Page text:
Modernizing the City: Soviet Master Plans for Ulaanbaatar (1954-1990)

Formal city planning of Ulaanbaatar only started in 1954 during the time when the Soviet domination became more and more aggressive towards her satellites. The first comprehensive master plan of the city was produced by Giprogor Urban Planning Institute from Russia in 1954. Since then, the master plan had been revised for four times till 1990 when the Soviet Union was overthrown that the planning ceased. The original aim for Ulaanbaatar’s urban development was to become “communist authorities looked approvingly on urbanization as a natural outcome of industrialization; cities were seen as the highest form of advance and presented the showcase of social progress.”

The planning in 1954 plotted the basic layout and location of development with a time frame of 20 years, aiming at catering a population of 120,000. Basic infrastructure was constructed during that time to facilitate the city’s development. Focus was put to establish the central district and began construction of residential areas. In the mean time when the plan was carried out, Ulaanbaatar started to develop its industry to speed up industrialization. The first plan basically set out a framework for Ulaanbaatar to grow as a city like Moscow and Beijing.

While the first plan aimed for a 20-year long development, it underestimated the rapid growth of population of Ulaanbaatar, which soon surpassed the government’s expectation by more than 2 times. Hence, a revised plan was developed in the 1960s to tackle the increasing population by extending residential districts in the inner city, transformation of ger districts to apartment blocks and construction of satellite towns. Zoning of different programs and functions was one of the strategies for the planning. The second master plan established the current design of the city. Strategic planning according to national policies, topography and climate of the city was adopted since 1975 with the desire to refine the previous plans and hoped for Ulaanbaatar to develop correspondingly.

After 30 years of urban planning and development in Ulaanbaatar, the Mongolian government took back the authority to carry out planning in Ulaanbaatar in 1986. More high-rise residential buildings were constructed and factories and unimportant industries were relocated to other districts in Ulaanbaatar. During that period of time, the ruling of the Soviet Union became weaker and weaker; thus, her satellite countries gradually reclaimed control; thus, influence from the Soviet declined. Soviet-style planning became loose such that the government began to allow buildings to be built without following the master plan. Since then, Ulaanbaatar entered an unplanned period, as assistance from the Soviet was withdrawn. Hence, they were short of capital and lack of outline towards the development of Ulaanbaatar.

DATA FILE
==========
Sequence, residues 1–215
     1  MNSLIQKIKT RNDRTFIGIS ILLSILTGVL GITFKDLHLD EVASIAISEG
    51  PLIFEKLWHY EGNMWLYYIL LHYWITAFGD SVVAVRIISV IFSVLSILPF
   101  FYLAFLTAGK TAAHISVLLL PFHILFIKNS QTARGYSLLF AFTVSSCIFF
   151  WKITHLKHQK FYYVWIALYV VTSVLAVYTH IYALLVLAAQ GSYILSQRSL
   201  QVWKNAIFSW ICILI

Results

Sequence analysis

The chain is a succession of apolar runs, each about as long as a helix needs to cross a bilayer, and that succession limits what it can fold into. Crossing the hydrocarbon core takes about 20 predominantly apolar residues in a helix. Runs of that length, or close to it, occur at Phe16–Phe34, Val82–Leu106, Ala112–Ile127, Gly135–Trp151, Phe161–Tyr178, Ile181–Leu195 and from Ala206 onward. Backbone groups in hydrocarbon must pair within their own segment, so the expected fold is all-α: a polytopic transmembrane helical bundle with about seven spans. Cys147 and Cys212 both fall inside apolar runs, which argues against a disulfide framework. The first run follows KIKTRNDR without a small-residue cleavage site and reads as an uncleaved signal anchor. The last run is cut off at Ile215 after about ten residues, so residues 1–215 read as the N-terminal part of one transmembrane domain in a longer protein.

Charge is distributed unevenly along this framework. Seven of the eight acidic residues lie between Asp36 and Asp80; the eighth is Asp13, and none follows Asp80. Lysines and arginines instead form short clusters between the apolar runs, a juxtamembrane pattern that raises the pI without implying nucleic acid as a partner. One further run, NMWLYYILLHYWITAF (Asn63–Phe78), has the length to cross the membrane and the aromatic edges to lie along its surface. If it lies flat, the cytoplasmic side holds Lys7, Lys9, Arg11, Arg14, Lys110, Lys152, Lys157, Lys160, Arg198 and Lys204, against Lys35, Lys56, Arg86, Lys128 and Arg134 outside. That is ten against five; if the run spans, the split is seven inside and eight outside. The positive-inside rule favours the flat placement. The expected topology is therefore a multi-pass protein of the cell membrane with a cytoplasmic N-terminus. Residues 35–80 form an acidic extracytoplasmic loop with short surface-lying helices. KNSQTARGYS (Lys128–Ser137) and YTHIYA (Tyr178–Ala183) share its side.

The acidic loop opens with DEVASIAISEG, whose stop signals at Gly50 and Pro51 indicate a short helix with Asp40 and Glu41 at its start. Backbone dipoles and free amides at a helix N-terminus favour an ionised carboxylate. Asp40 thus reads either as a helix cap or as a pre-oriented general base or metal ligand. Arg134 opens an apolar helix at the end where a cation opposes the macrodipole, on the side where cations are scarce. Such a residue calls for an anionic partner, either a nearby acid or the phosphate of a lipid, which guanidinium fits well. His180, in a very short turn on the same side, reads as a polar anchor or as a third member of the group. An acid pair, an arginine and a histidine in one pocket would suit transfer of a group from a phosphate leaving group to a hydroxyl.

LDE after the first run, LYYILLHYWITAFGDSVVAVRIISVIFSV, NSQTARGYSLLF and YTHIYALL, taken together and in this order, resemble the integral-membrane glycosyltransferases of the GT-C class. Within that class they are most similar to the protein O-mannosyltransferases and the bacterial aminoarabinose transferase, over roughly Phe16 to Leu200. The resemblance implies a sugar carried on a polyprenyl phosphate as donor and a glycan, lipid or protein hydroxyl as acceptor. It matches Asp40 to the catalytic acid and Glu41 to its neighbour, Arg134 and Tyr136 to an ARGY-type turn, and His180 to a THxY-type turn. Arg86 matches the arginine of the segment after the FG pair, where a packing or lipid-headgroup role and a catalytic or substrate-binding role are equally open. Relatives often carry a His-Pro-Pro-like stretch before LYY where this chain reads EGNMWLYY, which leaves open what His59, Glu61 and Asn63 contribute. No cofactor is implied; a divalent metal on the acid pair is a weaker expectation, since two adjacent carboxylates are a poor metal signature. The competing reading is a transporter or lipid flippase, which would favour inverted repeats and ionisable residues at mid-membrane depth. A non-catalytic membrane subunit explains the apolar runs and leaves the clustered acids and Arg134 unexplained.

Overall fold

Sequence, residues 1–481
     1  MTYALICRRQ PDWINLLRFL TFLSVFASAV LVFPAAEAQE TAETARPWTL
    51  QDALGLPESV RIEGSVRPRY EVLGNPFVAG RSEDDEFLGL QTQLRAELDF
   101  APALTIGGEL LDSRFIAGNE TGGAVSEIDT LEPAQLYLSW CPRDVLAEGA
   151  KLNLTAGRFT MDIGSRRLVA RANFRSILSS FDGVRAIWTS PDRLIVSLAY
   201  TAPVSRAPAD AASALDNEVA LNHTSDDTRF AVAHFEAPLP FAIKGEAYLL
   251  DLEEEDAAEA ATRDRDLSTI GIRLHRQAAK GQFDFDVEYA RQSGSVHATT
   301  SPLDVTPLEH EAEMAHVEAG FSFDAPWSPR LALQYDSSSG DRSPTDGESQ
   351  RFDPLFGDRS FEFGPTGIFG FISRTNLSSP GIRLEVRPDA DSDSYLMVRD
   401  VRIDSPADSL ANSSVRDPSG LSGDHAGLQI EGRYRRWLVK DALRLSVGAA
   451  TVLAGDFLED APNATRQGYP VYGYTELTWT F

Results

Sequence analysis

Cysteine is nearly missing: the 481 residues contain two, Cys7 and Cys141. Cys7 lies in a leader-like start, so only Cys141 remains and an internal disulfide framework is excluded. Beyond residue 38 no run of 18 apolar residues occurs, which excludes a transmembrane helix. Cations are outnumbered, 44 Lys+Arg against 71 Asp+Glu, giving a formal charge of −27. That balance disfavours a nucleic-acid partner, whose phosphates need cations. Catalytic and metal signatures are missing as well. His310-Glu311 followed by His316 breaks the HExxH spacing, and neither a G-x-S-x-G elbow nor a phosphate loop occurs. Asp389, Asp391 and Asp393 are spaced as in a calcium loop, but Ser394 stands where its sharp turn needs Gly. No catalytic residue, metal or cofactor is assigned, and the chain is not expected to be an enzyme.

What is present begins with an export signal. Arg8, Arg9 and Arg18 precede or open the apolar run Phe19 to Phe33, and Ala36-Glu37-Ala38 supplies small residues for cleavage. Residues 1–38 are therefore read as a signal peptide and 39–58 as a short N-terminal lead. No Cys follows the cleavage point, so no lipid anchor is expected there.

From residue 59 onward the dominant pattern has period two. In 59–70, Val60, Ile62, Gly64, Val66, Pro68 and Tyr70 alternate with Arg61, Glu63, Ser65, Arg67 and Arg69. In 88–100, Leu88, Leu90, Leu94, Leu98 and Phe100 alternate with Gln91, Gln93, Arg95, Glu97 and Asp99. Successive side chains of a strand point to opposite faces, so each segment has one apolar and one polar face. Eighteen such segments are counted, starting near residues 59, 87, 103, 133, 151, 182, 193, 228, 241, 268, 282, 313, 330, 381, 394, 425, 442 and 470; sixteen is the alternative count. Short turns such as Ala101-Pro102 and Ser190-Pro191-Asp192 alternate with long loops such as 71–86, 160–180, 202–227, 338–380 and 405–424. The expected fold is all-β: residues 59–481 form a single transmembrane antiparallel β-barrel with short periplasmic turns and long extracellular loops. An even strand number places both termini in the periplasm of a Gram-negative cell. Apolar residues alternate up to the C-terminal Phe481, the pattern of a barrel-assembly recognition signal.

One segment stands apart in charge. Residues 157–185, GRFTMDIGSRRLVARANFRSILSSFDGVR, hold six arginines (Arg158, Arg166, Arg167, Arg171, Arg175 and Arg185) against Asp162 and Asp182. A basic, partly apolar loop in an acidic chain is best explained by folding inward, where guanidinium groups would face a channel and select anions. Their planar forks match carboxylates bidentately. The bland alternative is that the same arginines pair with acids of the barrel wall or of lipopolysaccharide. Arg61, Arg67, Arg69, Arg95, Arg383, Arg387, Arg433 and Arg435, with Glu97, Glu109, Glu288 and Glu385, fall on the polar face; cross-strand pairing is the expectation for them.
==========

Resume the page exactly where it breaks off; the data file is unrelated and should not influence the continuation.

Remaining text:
Nonetheless, the framework set out from 1954 created the basic pattern of the city of Ulaanbaatar. Not only did it represented the urban growth of the city, it also signified the land was a common property of people and that socialism had been the utmost important belief executed by the state. (Jamts, 1981) The city center was developed with basic infrastructure; residential district was expanded and transformed the way of living of Mongolians, from nomadic living in gers to living in apartments; industries were also built up such that Mongolians no longer relied solely on keeping livestock. The master plans designed and implemented by the Soviet greatly modernized Ulaanbaatar as a city.

The four master plans designed by Soviet planners during the communist period of Mongolia (Source from Ulaanbaatar City’s Mayor’s Office)
The four master plans designed by Soviet planners during the communist period of Mongolia (Source from Ulaanbaatar City’s Mayor’s Office)

1. Munkhnaran .S, Bazarkhand .TS, Chinbat .B, and Gantulga .G. “Green Belt Zoning for Ulaanbaatar City.” International Journal of Science and Research, 2013. Accessed December 3, 2016.
2. Diener, Alexander C., and Joshua Hagen, eds. From Socialist to Post-Socialist Cities: Cultural Politics of Architecture, Urban Planning, and Identity in Eurasia. Routledge.
3. Kamata, Takuya, James Reichert, Tumentsogt Tsevegmid, Yoonhee Kim, and Brett Sedgewick. Managing Urban Expansion in Mongolia. Washington: World Bank, 2010.
4. Byambadorj, Tseregmaa. “(Re)constructing Planning in Face of Uncertainty: Challenges for Urban Planning in Mongolia.” 2012. Accessed December 5, 2016. PLPR Association.

1 Comment on “Modernizing the City: Soviet Master Plans for Ulaanbaatar (1954-1990)

  1. I would agree that the soviet intervention would take a major role in shaping the city.To a certain degree, when I was in Ulaanbaatar, I found myself in a Eastern European city more than a city in Asia. The width of the roads and density is drastic different from many Asian city.

    However, I do notice that the city preserved far too little Mongolian culture due to the Soviet “intervention”. The city centre was once dominated by traditional type of palace/ temple construction , which was totally wiped out under soviet rule. I would call that a destruction of culture and identity of people. Despite all those efforts to “build buildings like a ger”, I would conclude that the soviets were brutal in their city design.

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